The silver lining is that you don’t have to use spurs! Good for you that you are unwilling to give up on her, and believe in her. I hope your faith will be rewarded.
I have pasos that are on the hot side and I don’t lunge before riding. I use lunging for training and exercise only. If I get them going by lunging before I get on, they want to fly for the rest of the day. Have you tried starting with a walking warm up when you first get on? Also, I use liniment and/or massage before I tack up -if my mount is a bit nervous, and really take my time grooming. If still high-headed, I use ground training techniques to get the focus on me, things like ‘sending’ or flexing that I can reward and start off with positive energy and understanding. The first thing my horses get is a treat for standing still as I mount and adjust positions in my saddle. They don’t move until I tell them to go. It sets the tone.
Buck Brannaman says that the best horse you’ve got will buck you in September. I take that to mean sometimes the cooler air and the pretty weather just brings out the need to sow oats, and I’ve got one that will give a buck if I try to rein him in sometimes on the cool days, I just laugh at him and he quits, it’s a rare thing so no need to make it bigger by letting him get a rise out of me, and all things considered I’d rather have a horse that wants to go, over one that has to be constantly urged, kicked or squeezed. You squeeze one of mine and you’re going somewhere PDQ.
Can you get a friend to ride transitions with you? This might help reinforce your requests for trot/walk walk/trot with your mare’s attention somewhat diverted by the other horse.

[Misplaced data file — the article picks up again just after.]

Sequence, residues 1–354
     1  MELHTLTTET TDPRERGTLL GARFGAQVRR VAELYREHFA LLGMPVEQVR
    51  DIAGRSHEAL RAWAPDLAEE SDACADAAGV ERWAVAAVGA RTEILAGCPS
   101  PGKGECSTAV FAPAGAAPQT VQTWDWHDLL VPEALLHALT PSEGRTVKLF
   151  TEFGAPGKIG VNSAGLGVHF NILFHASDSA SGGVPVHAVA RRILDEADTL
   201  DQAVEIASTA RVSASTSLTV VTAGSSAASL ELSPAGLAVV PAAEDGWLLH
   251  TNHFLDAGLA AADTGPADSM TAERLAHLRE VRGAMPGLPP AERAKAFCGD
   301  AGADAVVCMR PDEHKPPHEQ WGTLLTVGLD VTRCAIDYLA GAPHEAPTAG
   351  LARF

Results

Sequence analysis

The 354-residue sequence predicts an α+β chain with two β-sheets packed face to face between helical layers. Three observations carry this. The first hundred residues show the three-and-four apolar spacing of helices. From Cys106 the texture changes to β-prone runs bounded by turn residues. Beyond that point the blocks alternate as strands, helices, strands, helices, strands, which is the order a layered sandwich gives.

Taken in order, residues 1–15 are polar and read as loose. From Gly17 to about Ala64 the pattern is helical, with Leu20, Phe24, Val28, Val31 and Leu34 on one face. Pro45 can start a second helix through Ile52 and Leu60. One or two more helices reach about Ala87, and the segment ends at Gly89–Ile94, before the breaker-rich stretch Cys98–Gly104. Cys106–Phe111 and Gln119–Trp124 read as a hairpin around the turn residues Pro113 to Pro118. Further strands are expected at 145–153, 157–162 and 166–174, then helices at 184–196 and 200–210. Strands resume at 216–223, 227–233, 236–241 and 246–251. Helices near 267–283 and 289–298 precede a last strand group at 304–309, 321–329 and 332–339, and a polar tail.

One other bit of advice comes from Alois Podhajsky: when your horse is high energy you have to be low low energy – keep the sum of both energies at 10. If she is a 9, you are a 1, if she calms down you increase your energy. When a horse has an undesirable behavior, the rider very often yields to human nature with a nervousness or a sense of dread, and unconsciously we raise our energy, have shorter breaths and tenser muscles. I sometimes do this on my gelding who hates dark pavement (he fell once) when we have to ride on it. I have to tell myself to calm down, and stop feeding his desire to panic – that’s how he fell the first time – although I was not the rider I was there and I saw him go down in a panic. Awful. I have to concentrate on relaxing and even-breathing, and the effect is remarkable.
How this relates is when you ask for speed, do you tense up expecting mischief? It may be contributing? If so it is a very human response. Just some thoughts from those much smarter than me. Hope it helps.
Alois Podhajsky: “When I hear somebody talk about a horse being stupid, I figure it’s a sure sign that animal has outfoxed them. ...